From: Andy Soos, ENN
Published March 28, 2012 01:44 PM

Antarctica Ice Shelves

A glacier is a large persistent body of ice that forms where the accumulation of snow exceeds its ablation (melting and sublimation) over many years, often centuries. An ice shelf is a thick floating platform of ice that forms where a glacier or ice sheet flows down to a coastline and onto the ocean surface. Ice shelves are only found in Antarctica, Greenland and Canada. A new study examining nearly 40 years of satellite imagery has revealed that the floating ice shelves of a critical portion of West Antarctica are steadily losing their grip on adjacent bay walls, potentially amplifying an already accelerating loss of ice to the sea.

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A total of 44 percent of the Antarctic coastline has ice shelves attached. Their aggregate area is 1,541,700 km²

In the last several decades, glaciologists have observed consistent decreases in ice shelf extent through melt, calving, and complete disintegration of some shelves.

The Ellesmere ice shelf reduced by 90 percent in the twentieth century, leaving the separate Alfred Ernest, Ayles, Milne, Ward Hunt, and Markham Ice Shelves. A 1986 survey of Canadian ice shelves found that 48 km². (3.3 cubic kilometers) of ice calved from the Milne and Ayles ice shelves between 1959 and 1974. The Ayles Ice Shelf calved entirely on August 13, 2005. The Ward Hunt Ice Shelf, the largest remaining section of thick landfast sea ice along the northern coastline of Ellesmere Island, lost 600 square km of ice in a massive calving in 1961-1962. It further decreased by 27% in thickness between 1967 and 1999. In summer 2002, the Ward Ice Shelf experienced another major breakup.

The most extensive record yet of the evolution of the floating ice shelves in the eastern Amundsen Sea Embayment in West Antarctica shows that their margins, where they grip onto rocky bay walls or slower ice masses, are fracturing and retreating inland. As that grip continues to loosen, these already-thinning ice shelves will be even less able to hold back grounded ice upstream, according to glaciologists at The University of Texas at Austin’s Institute for Geophysics (UTIG).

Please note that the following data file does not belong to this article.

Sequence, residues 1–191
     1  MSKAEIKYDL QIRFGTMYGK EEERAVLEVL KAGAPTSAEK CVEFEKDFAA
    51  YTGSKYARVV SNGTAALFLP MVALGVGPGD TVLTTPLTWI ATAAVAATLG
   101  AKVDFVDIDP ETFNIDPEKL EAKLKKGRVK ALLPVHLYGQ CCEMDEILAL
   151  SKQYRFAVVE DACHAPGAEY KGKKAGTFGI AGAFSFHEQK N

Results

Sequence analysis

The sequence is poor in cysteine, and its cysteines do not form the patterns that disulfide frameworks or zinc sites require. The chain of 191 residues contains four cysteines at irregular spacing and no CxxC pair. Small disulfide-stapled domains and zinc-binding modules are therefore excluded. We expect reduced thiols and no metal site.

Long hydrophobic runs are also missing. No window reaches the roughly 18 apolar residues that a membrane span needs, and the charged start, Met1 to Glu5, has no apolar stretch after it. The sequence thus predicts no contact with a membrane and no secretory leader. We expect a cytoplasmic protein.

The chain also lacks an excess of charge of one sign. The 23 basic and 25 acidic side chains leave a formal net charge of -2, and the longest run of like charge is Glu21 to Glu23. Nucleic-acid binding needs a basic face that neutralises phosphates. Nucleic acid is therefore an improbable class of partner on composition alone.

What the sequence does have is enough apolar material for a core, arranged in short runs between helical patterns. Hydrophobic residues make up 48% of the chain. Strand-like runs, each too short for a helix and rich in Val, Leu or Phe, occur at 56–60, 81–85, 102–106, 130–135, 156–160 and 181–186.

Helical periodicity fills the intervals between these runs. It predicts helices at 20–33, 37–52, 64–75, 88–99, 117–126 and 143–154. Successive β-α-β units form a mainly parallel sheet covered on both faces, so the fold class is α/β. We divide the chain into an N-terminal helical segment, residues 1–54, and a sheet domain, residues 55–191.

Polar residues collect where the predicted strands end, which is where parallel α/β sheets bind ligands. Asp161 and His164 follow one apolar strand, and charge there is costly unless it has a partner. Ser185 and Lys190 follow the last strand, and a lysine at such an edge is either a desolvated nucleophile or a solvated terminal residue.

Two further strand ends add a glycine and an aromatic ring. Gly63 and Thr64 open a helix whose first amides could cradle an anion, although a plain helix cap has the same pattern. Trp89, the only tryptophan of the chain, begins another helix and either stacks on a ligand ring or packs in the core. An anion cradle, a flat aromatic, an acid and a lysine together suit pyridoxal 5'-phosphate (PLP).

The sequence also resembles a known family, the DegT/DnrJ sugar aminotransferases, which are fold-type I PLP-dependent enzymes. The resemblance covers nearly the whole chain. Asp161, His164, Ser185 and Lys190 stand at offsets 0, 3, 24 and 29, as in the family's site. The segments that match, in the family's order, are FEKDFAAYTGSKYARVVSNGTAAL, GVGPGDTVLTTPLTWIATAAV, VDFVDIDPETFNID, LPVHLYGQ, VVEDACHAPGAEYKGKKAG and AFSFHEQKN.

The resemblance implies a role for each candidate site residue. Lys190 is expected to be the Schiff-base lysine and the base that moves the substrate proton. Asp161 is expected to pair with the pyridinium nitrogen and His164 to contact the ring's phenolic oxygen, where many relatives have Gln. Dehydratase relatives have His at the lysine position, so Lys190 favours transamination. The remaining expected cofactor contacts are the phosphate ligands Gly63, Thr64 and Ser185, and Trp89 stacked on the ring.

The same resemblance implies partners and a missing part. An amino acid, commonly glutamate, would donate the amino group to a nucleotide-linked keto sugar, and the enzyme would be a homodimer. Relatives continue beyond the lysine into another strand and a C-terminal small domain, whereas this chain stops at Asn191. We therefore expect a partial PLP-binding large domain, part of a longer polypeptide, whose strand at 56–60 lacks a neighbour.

Reporting in the Journal of Glaciology, the UTIG team found that the extent of ice shelves in the Amundsen Sea Embayment changed substantially between the beginning of the Landsat satellite record in 1972 and late 2011. These changes were especially rapid during the past decade. The affected ice shelves include the floating extensions of the rapidly thinning Thwaites and Pine Island Glaciers.

"Anyone can examine this region in Google Earth and see a snapshot of the same satellite data we used, but only through examination of the whole satellite record is it possible to distinguish long-term change from cyclical calving," says MacGregor.

The shear margins that bound these ice shelves laterally are now heavily rifted, resembling a cracked mirror in satellite imagery until the detached icebergs finally drift out to the open sea. The calving front then retreats along these disintegrating margins. The pattern of marginal rifting and retreat is hypothesized to be a symptom, rather than a trigger, of the recent glacier acceleration in this region, but this pattern could generate additional acceleration.

"As a glacier goes afloat, becoming an ice shelf, its flow is resisted partly by the margins, which are the bay walls or the seams where two glaciers merge," explains Ginny Catania, assistant professor at UTIG and co-author of the study. "An accelerating glacier can tear away from its margins, creating rifts that negate the margins’ resistance to ice flow and causing additional acceleration."

The UTIG team found that the largest relative glacier accelerations occurred within and upstream of the increasingly rifted margins.

The article, titled Widespread rifting and retreat of ice-shelf margins in the eastern Amundsen Sea Embayment between 1972 and 2011, appears in issue #209 of Journal of Glaciology.

For further information: http://www.jsg.utexas.edu/news/2012/03/west-antarctic-ice-shelves-are-tearing-apart-at-the-seams/ or http://www.igsoc.org/journal/58/209/j11J262.html

Photo: NASA

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